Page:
NYPD Goes to the Public for Feedback on Its New Body-Camera Policy

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 A police body camera is seen on an officer during a news conference on the pilot program involving 60 NYPD officers dubbed 'Big Brother' at the NYPD police academy in the Queens borough of New York, December 3, 2014.
Photo: Shannon Stapleton/Reuters/Corbis

This fall, the NYPD will outfit 1,000 cops in select precincts with body cameras. The department released its proposed guidelines on Wednesday for the pilot project, outlining potential rules for when officers will be required to wear them and for how long, and who can see the recordings. But in a pretty radical move, NYPD is also asking the public for input on the camera policy via an online survey. “We have never done this,” NYPD Assistant Deputy Commissioner Nancy Hoppock told the Daily News. “We have never drafted a policy and said to the community ‘Tell us what you think about our proposed policy before we finalize it.’”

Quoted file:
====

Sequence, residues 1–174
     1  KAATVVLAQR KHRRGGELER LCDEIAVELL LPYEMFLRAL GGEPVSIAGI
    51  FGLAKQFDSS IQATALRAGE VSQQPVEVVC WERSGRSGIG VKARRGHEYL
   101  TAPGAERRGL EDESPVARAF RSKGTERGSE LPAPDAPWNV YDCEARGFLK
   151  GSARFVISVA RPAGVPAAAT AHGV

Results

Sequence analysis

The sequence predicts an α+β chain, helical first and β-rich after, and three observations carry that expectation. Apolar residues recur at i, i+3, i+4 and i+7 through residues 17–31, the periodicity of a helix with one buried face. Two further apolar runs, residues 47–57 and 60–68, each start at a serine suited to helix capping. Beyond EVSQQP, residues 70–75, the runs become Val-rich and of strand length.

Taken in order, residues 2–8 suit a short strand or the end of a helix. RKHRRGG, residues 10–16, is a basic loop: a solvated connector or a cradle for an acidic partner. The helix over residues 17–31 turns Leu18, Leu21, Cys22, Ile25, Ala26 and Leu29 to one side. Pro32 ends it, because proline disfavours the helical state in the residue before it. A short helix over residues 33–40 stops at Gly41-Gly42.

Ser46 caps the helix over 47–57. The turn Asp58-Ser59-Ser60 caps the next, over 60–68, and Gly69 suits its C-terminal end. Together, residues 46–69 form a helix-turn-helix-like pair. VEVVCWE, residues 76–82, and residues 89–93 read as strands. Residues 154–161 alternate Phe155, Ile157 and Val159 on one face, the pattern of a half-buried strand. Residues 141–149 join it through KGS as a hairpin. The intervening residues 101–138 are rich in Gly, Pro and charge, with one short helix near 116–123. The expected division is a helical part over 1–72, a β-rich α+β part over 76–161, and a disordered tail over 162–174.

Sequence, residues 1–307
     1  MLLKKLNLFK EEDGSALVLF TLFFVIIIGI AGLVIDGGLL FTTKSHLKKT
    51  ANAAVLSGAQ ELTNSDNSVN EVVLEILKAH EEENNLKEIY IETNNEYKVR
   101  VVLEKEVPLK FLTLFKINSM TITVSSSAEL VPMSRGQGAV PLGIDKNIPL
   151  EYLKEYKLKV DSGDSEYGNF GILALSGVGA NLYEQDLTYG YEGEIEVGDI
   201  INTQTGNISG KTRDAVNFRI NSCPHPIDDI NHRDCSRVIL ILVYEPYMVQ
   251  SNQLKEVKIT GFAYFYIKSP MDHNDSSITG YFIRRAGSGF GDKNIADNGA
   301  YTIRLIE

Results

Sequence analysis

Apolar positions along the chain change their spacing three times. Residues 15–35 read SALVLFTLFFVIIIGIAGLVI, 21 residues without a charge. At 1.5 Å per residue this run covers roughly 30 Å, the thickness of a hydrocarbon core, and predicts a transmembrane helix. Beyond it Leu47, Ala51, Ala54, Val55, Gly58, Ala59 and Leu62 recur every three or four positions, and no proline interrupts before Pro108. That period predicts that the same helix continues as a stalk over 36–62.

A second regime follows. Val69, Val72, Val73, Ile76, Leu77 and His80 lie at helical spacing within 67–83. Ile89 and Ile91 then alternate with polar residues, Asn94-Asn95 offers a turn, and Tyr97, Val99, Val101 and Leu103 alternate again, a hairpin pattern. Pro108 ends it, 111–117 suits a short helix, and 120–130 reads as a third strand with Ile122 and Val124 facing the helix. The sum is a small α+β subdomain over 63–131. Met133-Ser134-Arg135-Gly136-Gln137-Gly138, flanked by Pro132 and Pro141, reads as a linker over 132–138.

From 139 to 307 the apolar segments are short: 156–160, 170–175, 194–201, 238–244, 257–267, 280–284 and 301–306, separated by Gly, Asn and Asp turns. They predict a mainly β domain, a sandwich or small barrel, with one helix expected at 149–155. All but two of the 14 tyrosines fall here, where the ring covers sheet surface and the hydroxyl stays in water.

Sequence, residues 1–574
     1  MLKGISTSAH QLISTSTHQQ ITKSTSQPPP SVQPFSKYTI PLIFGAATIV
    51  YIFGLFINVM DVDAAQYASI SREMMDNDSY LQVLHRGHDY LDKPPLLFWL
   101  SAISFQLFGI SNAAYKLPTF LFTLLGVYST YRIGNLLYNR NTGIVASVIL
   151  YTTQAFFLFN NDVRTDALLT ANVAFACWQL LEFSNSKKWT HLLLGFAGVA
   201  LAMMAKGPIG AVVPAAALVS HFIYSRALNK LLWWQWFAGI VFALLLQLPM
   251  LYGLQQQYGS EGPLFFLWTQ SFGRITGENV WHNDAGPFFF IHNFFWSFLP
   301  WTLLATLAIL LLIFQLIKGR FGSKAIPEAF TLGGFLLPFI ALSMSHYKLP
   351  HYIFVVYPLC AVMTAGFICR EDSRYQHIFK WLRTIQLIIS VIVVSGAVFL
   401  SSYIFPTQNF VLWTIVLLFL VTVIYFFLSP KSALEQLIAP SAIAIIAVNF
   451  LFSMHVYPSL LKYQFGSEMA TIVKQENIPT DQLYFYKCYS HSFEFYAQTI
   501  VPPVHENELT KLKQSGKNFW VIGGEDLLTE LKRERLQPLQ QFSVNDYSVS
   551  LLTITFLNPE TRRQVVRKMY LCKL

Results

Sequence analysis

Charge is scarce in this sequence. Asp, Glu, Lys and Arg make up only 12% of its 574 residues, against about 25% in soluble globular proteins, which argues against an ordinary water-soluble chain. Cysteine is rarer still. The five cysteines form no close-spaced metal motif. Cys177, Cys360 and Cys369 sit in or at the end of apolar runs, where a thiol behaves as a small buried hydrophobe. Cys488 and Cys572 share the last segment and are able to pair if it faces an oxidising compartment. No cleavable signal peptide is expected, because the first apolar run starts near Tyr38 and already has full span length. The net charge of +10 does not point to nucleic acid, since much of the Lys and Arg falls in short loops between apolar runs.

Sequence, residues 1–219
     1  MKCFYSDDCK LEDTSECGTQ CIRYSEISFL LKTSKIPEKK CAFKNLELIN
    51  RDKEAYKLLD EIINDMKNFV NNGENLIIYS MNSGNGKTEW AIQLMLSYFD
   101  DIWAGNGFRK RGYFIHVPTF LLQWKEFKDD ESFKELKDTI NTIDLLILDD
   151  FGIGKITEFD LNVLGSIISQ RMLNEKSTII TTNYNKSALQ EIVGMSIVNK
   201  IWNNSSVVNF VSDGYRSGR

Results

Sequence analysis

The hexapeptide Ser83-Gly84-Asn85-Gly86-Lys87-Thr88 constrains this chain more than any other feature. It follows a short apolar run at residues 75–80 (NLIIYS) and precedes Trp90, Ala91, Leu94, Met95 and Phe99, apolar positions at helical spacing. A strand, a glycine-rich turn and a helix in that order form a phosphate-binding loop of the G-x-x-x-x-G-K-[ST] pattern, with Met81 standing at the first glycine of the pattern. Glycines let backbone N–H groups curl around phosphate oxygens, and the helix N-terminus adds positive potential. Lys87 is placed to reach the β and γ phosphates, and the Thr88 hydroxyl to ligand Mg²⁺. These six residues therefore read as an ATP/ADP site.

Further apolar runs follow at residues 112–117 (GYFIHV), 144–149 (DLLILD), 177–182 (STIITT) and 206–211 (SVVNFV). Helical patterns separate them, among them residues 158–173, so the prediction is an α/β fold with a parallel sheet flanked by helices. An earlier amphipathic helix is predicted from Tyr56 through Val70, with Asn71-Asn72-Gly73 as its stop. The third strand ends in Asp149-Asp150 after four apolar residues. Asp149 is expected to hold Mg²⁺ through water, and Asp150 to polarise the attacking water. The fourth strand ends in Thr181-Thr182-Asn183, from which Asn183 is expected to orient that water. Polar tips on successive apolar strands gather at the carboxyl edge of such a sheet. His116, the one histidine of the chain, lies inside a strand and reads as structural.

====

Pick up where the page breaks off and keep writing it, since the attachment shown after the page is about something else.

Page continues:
The survey is available until the end of July, and NYU’s Policing Project will compile the data to present to the NYPD. The questionnaire — which is available in English and Spanish right now, and will be available in six more languages, including Chinese and Haitian Creole, soon — asks respondents questions about when officers should wear cameras, if cops should tell people when the camera is on, if people can ask an officer to turn off the camera, and who can see the footage. 

A handful of NYPD officers in three precincts are already wearing body cameras ahead of this more formalized policy. One of the biggest sticking points then, and now, is how long the cops will be required to keep these recordings, and what someone has to do to obtain them. In the current proposal, the NYPD says they’ll keep all recordings for at least six months, but longer in certain circumstances such as arrest (until the case is over) or use of force (three years), among other situations. To see these videos, the NYPD is proposing that members of the public apply through the Freedom of Information Act, unless an individual is accusing a particular officer of misconduct.